andromeda“You get it. It’s a higher place, less crowded with idiots, acceptance of yourself, acceptance of others realizing finally that you don’t have to understand just accept. ” Susan

Above is one of my favorite paintings by Polish artist Tamara Lempicka. The painting is titled Andromeda. As part of a Greek myth, Andromeda was chained near the ocean to be devoured by a sea creature, but then saved by her future husband Perseus. In Lempicka’s Art Deco style Andromeda, she is also chained but her background is that of a modern city. One can only imagine what was flowing through Lempicka’s mind at the time of its creation.

The other night I was having a conversation with a friend. I told him that I had held a certain expectation of myself for many years. As these thoughts grew, they somehow dominated the very essence of my daily life and encompassed a way of maneuvering myself in the world. Finally, I came to the realization that I needed to change my way of thinking because these false expectations were indeed blocking other opportunities to surface. And so, I said to him, “I am letting go of it all…” He replied, “So, you have decided to give up?” “No, just decided to let it go.”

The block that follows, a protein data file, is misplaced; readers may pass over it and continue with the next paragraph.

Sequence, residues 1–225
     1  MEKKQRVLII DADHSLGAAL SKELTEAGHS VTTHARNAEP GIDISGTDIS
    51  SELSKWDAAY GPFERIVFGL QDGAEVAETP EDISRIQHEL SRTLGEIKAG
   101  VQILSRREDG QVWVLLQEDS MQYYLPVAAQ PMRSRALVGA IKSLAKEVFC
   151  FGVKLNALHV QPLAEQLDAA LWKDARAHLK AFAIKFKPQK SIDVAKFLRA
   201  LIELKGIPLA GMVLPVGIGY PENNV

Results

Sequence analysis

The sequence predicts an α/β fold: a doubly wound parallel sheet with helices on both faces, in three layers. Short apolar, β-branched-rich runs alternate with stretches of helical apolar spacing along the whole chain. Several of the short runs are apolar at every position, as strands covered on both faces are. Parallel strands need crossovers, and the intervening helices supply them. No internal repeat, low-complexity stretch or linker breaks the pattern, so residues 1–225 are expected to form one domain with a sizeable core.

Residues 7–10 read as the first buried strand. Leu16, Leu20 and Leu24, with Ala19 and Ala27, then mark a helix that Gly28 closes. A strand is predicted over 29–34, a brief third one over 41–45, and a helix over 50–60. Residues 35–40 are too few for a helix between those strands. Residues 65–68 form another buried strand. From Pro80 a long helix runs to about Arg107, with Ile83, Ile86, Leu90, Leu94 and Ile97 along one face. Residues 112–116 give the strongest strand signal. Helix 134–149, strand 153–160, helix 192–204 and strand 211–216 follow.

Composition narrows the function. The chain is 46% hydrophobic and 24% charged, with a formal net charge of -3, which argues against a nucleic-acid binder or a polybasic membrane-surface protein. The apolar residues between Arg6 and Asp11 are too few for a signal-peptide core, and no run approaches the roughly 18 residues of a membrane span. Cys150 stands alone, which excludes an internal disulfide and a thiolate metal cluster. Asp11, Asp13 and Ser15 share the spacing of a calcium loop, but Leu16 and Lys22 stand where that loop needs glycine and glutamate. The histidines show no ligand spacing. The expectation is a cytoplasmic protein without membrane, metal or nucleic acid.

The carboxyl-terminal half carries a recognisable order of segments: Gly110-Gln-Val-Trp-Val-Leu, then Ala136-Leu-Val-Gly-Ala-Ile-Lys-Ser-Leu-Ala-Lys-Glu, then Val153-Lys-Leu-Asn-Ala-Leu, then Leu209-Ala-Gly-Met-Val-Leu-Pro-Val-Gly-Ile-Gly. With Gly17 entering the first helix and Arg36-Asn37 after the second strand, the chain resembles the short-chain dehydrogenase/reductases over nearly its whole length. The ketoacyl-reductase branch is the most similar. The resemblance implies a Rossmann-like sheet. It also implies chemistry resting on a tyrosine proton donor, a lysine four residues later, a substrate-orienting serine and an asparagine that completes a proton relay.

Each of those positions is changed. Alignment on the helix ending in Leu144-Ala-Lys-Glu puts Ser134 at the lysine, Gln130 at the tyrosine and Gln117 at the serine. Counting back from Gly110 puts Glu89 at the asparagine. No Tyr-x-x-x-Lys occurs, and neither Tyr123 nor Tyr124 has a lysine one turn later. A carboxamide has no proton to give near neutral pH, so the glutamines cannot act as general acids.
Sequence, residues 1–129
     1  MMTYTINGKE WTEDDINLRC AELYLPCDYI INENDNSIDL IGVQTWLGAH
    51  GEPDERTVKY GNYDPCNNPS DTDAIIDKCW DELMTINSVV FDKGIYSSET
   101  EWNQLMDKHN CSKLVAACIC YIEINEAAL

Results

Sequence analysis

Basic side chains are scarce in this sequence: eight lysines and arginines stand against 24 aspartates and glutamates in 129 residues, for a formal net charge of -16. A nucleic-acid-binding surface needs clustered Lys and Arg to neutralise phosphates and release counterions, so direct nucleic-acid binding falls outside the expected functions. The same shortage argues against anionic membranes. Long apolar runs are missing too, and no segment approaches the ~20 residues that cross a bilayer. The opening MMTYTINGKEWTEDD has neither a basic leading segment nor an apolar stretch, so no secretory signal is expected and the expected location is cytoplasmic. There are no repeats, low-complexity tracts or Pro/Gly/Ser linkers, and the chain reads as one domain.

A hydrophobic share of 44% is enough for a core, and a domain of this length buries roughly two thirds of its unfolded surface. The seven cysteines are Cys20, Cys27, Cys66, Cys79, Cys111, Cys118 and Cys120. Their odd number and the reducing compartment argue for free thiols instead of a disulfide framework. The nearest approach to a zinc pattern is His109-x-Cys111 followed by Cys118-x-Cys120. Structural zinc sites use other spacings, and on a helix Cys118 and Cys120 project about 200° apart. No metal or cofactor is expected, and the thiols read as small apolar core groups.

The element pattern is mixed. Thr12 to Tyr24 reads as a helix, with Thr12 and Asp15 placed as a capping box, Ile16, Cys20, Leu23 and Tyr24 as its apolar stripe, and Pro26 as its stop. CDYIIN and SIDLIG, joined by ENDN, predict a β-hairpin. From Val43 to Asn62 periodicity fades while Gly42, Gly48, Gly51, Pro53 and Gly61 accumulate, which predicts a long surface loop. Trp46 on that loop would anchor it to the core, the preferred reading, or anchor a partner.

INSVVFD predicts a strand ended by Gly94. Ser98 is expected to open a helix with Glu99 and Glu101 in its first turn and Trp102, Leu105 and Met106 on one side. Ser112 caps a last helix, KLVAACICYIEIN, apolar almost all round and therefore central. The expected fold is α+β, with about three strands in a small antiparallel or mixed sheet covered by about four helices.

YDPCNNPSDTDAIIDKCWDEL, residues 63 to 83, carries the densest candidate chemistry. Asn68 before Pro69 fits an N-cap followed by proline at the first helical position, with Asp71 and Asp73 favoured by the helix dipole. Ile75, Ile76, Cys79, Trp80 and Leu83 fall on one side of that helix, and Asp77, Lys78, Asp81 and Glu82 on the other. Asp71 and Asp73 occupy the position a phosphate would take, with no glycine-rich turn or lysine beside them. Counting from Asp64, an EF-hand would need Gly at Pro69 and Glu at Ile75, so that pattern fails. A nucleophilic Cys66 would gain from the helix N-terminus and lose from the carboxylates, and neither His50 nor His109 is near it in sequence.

When we lock ourselves into expectation, we begin to live in an illusion, chained to a lie about who we think we should be- the ego indeed has taken control and we are simply blind to it. “Letting go” of the expectation/illusion creates an emotional freedom…a peace within…an empty space so that we may listen to inspiration. Our focus becomes what inspires us, not the compulsive thoughts of how we think we should live…simple, no?

When we decide to look at a continuing challenging situation in our lives and impose the words, “I give up”, we automatically look at the experience with the drama of defeat, the illusion of failure. We potentially create another drama for ourselves, which can carry us down a stream of bitterness, shame, blame, etc. We have only traded one emotional chain for another.

I am reminded of a scene in Sidney Pollock’s film, Out of Africa, when the rains arrived and flooded the damming of a nearby river for Karen Blixen’s coffee farm. She recognized the fruitless effort to control the damming and told the workers, “Let it go, let it go, this water lives in Mombasa anyway.”